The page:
1966 Showed my film to Stanley Kramer, a major filmmaker of the era and his advice was to try to get financing for my own film rather than getting a job in the industry.

1966-1968 Tried unsuccessfully to get financing for a feature film.

1969-70 On the belief that half a loaf is better than none, I wrote, (in 5 hours) produced & directed a feature film first titled IMAGO, then TO BE FREE. This film proved the adage that you cannot make a silk purse out of a sow’s ear.

1970-1974. I went to see an old friend, sometimes called Big Larry, for solace after the failure of my film and he offered me a job in the development/construction industry. His company built motels in various parts of the country and I was to be the coordinator with the general and sub contractors. I told him that I knew absolutely nothing about construction and he said he didn’t either and that I should not worry about it.

I was once talking to a plumbing contractor in a mid sized town in either Kansas or Nebraska while I looked down at a set of blueprints. Without saying anything, he casually reached down and turned the plans around and smiled. I was looking at the plans upside down and didn’t know it!

I took a number of piano lessons during this time and practiced while on the road in churches, bars and once I rented a piano and had them bring it to my motel room. Occupants of adjoining rooms were not impressed with my playing. The lessons saved my sanity but they made me realize that I would have to find another art form to fulfill my mission on Earth.

I moved back to Houston in 1974 and in 1975 I wrote, produced and was the on camera interviewer for a PBS station KUHT documentary on the life of Seger Ellis, a Houston born figure in the early days of jazz. Seger played piano, sang and wrote music. Among the many songs that he wrote, his most enduring hits were a song the Four Freshmen used as their theme song, AFTER YOU and YOU’RE ALL I WANT FOR CHRISTMAS.

A Houston man tried for several years to get private financing for a series like this of famous or interesting people’s lives, but he was unsuccessful.

1976 Wrote, produced & directed a one-hour documentary for PBS station WQED in Pittsburgh. It documented the wedding of a young woman with a Russian father and Serbian mother and a young man whose mother was Greek and father Serbian. They were all members of the Eastern Orthodox Church.

Somehow in 1978 I acquired 3 laundromats, which surprises me to this day because I have zero mechanical skills and an equal interest.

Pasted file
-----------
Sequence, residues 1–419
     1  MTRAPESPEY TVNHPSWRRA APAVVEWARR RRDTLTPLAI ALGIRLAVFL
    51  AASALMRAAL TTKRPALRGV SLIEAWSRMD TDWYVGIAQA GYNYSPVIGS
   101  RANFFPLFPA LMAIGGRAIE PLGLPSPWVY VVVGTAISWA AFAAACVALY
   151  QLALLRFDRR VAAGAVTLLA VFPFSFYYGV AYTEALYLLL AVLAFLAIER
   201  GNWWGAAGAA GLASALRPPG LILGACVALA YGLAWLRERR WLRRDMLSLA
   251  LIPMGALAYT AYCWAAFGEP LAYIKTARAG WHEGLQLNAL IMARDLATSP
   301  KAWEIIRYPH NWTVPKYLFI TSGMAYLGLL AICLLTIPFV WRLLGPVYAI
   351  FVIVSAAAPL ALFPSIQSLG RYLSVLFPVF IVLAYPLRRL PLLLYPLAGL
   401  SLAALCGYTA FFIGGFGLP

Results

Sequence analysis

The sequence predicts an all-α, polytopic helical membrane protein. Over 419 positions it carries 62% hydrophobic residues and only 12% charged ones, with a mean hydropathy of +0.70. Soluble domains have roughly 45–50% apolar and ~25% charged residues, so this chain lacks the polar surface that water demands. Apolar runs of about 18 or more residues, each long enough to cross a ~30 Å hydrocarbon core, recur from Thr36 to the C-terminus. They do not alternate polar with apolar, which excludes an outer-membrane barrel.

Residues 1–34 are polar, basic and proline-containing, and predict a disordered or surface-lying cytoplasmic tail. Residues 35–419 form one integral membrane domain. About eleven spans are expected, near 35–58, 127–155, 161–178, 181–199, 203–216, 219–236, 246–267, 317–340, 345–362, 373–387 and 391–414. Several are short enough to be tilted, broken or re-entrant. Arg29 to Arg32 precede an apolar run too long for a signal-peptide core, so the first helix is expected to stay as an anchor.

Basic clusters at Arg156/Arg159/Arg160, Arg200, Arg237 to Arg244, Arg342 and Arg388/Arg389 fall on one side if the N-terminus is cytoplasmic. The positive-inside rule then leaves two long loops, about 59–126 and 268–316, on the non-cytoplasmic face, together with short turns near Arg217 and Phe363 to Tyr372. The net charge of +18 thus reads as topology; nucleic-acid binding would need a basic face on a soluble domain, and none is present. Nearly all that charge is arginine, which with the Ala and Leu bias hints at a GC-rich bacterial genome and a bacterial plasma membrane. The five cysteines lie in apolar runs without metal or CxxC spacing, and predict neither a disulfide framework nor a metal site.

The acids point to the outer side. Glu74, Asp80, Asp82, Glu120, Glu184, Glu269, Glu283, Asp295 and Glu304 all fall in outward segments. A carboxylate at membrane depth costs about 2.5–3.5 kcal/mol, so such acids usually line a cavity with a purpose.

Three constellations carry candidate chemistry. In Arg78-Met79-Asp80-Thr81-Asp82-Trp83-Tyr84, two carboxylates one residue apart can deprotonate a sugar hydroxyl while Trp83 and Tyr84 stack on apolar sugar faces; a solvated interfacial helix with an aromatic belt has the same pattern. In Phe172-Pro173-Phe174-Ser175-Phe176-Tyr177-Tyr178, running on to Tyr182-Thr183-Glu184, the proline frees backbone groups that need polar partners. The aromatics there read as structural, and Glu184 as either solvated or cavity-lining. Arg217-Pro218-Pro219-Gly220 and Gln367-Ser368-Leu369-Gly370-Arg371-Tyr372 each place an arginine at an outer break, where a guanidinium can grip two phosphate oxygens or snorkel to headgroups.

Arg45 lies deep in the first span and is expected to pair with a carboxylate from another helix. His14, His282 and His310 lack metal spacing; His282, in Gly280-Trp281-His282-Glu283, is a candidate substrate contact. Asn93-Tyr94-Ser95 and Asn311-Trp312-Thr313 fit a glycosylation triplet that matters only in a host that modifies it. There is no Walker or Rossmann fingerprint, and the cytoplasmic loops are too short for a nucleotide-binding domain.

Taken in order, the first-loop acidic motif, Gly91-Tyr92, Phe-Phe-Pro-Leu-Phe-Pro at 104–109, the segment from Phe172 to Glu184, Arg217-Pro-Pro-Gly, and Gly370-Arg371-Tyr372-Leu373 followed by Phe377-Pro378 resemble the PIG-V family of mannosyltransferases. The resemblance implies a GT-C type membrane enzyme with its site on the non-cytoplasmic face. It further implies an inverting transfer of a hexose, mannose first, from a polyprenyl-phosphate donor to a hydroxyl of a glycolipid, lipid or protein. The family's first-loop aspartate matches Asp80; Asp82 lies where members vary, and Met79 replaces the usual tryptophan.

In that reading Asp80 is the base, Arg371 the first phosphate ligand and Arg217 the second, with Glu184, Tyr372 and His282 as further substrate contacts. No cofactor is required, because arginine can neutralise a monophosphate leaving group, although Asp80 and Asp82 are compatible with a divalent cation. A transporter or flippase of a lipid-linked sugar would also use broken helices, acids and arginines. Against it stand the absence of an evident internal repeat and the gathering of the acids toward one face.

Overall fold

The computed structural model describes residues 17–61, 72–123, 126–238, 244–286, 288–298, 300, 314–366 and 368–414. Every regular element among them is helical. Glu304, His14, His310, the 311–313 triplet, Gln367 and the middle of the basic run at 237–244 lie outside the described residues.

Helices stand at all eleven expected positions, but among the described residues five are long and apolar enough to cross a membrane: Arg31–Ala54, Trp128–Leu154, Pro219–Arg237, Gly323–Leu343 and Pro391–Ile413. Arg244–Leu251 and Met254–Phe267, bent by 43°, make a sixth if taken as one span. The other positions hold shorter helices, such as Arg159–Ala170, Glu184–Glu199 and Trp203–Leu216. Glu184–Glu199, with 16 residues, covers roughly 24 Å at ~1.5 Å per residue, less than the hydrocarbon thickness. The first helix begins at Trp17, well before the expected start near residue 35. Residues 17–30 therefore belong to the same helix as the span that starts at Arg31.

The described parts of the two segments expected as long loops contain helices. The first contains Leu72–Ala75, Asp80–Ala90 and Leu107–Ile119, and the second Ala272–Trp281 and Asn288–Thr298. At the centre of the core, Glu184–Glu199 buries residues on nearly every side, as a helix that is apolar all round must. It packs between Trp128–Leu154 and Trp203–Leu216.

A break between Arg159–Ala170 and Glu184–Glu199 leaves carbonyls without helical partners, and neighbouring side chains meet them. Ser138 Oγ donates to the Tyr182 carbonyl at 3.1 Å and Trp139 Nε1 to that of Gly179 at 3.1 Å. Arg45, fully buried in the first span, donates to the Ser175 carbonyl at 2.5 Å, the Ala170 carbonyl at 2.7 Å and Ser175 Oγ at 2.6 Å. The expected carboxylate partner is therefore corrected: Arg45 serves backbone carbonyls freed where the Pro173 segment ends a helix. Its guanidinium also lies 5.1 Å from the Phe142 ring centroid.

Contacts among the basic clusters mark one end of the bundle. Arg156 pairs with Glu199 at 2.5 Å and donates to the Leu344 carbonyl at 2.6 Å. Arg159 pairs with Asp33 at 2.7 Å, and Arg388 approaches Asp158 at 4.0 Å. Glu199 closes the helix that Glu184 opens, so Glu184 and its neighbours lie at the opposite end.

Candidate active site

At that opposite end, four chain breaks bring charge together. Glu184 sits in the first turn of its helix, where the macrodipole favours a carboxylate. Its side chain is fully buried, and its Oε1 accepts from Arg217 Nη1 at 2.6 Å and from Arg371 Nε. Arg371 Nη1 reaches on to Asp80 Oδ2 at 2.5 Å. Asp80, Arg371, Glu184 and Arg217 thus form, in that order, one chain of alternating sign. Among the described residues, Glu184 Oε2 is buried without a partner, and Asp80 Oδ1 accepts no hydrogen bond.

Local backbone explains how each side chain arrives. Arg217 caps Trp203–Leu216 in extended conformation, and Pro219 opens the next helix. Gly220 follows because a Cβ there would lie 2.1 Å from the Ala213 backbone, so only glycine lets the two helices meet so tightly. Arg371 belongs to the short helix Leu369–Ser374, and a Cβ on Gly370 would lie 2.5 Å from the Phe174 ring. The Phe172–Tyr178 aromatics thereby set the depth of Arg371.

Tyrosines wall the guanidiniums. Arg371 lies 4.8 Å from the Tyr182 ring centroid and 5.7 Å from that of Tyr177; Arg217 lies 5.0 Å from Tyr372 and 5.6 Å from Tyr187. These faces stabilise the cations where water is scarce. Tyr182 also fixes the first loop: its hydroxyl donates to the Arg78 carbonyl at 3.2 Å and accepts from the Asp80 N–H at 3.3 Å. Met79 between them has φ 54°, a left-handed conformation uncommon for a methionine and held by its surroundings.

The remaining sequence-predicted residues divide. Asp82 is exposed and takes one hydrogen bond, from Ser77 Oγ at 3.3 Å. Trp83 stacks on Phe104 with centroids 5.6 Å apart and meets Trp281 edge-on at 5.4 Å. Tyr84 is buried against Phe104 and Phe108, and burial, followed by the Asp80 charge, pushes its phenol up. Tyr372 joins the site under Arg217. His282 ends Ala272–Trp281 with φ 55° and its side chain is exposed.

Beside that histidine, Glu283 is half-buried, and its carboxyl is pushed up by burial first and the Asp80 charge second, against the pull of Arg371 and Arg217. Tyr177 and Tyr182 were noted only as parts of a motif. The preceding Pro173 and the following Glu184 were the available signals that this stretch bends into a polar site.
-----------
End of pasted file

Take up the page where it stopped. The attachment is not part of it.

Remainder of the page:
On my first day of ownership one of the dryers caught fire. I would come to learn that opening day was a typical day in the Laundro biz. There was not a day that went by in those years where there was not a major or minor crisis.

In retrospect, if you were watching it happen there were some really funny moments and I once thought that if someone wanted to make a film about Life in the Laundro, they should get Richard Pryor to play the continuously harried mechanically incompetent owner.

What saved my sanity while in this business was my growing interest in still photography. I had taken no classes or instruction of any kind, had never seen a photography show and did not know that it was an established art form, but I did have my UCLA Background in composition, lighting, story line, acting cinematography, theater etc.

I began to have my work professionally framed and hung them in 2 of the Laundros. By the time I sold the businesses I had about 20-framed photographs in each location, one of which was a shorter version of the Ray Charles Show.

Since all my education was in the cinema, my photographic work tended to be cinematic where multiple images constituted the work. The first thing I did after thinking that photography might be my destiny was a 5 picture improvisation of Mildred Milligan, formerly a concert harpist and teacher who was in her waning days in a Houston nursing home.

1981 Attended the Vermont based Zone VI Fine Art Photography Workshop which was one of the best such workshops of its time.

1982 Attended a workshop with GEORGE TICE in Austin.

1982-1995 Photographed extensively in Texas and Paris. Also Yugoslavia, the American Southwest, NBA BASKETBALL and some jazz and blues artists in Houston. I have IMPROVISATIONS, PHOTOFILMS, DOCUMENTARIES, IMPRESSIONISM and DOODLES.

I’ve had 29 one-person shows in venues ranging from museums, colleges, a university, one National Park and a vacant store in a small Texas town named Lampasas.

Ironically, a well-known Texas writer, Stan Redding, lived in that town and wrote a wonderful review in 1986 for The Houston Chronicle’s TEXAS section.

I’ve lived in the Pittsburgh area & Carlisle, Pennsylvania, Santa Barbara twice, Hollywood twice, New York City, South Bend, Indiana, Paris and Houston twice.


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Copyright © 2008 by Ned Bosnick